Getting dog urine out of bedding can be a tricky proposition. Not only is most bedding bulky, but it's something you use repeatedly, close to your body. A thorough cleaning is essential if you want to avoid throwing away your down comforter and cotton sheets altogether.
Down comforters and high-quality cotton sheets can be pricey household items to replace, so read the manufacturer’s tag attached to the bedding for information on cleaning restrictions. Some down comforters, in particular, may require dry cleaning. While you can try to spot-clean it yourself, you may be happier with the results if you take it in for professional handling.
Assess the damage and identify the specific area of the sheets and the down comforter where urine is located. Blot as much of the wetness as you can with absorbent white paper towels. Pour enzymatic urine-removing cleaning fluid into a bowl and soak just the portion of the bedding that is stained. Follow the manufacturer's directions for how long to apply the substance. Rinse, dry, smell and repeat as necessary.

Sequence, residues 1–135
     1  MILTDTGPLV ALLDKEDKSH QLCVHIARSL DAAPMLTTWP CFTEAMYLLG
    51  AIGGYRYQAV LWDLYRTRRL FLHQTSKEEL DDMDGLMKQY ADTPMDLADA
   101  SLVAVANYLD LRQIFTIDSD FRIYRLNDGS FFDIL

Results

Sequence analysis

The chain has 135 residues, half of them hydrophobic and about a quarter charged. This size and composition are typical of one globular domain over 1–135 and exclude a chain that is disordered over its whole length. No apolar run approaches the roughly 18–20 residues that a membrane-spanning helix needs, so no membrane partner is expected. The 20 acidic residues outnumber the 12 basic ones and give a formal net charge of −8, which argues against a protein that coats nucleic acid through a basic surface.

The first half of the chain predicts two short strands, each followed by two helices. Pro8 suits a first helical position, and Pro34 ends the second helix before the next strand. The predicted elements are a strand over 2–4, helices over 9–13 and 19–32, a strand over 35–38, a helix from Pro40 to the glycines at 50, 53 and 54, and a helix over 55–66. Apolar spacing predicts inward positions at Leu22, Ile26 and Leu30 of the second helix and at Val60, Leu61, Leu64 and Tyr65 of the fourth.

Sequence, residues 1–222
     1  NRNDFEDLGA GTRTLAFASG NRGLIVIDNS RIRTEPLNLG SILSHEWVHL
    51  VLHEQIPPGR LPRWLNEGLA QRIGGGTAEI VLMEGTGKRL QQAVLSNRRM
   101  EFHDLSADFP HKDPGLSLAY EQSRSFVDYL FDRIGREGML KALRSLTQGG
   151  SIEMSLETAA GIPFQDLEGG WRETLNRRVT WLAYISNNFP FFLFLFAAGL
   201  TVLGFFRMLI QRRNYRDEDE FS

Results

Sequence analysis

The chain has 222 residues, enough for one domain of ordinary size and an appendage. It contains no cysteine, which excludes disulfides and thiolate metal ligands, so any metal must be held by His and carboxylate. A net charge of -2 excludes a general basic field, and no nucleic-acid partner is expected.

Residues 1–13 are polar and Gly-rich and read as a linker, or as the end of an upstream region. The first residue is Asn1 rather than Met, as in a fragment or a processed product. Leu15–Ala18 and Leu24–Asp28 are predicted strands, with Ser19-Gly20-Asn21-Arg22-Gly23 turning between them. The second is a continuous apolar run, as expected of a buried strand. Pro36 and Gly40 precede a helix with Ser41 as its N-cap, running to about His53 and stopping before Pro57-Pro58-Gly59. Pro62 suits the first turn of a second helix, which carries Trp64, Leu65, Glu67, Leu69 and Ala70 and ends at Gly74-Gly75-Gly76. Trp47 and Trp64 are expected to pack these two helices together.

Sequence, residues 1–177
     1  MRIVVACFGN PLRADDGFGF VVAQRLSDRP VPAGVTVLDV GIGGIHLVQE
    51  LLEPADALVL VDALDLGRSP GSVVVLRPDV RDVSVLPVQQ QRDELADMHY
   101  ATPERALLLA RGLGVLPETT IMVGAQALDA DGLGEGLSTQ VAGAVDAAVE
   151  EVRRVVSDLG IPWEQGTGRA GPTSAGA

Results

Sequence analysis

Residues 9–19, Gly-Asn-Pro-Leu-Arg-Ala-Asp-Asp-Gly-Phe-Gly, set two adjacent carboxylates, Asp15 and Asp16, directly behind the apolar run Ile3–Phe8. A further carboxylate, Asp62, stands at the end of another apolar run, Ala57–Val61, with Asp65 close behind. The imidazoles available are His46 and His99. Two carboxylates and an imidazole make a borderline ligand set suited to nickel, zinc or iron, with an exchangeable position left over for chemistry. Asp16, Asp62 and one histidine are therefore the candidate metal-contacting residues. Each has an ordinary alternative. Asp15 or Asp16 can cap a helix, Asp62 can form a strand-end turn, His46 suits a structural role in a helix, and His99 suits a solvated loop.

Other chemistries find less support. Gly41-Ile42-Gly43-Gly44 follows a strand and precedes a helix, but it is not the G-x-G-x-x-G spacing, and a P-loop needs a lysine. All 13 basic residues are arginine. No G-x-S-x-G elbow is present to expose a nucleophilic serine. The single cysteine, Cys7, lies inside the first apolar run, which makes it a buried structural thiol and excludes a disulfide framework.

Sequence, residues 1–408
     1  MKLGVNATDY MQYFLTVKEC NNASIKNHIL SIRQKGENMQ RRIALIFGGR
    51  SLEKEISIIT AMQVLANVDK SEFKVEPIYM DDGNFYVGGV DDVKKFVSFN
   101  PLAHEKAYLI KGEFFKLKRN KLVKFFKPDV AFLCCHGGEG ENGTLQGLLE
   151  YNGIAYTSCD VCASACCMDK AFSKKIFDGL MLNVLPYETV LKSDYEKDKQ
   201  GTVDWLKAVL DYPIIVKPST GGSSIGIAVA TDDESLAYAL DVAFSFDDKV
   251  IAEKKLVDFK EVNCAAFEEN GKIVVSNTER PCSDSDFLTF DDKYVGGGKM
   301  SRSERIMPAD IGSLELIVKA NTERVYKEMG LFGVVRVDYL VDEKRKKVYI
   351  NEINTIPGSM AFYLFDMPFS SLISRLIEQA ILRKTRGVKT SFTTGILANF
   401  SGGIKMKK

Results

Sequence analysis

If your down comforter is washable, after your spot treatment and enzymatic cleaning, wash it on delicate cycle with a mild detergent in warm water. Line-dry it rather than put it in your dryer. Follow the same process for your cotton sheets. If your washing machine is not large enough, you may try a commercial-size washer at a local laundromat. It may take several washing cycles to eliminate the smell entirely.
If you're able to dry your cotton sheets and comforter outside in the sun, doing so can be helpful in eliminating lingering orders. A fabric refreshing spray can take care of any chemical smell leftover from the spot-cleaning or dry-cleaning process. Line-drying will help reduce shrinkage, but you can anticipate a slight reduction in size due to the warm-water washing.
To protect against future soiling of your bedding, invest in a waterproof comforter cover. In the event your pup has an accident on your bed, you should be able to remove and wash the cover without doing permanent damage to your comforter. Another alternative is to keep your pup off your bed to avoid the potential for accidents occurring in the first place.
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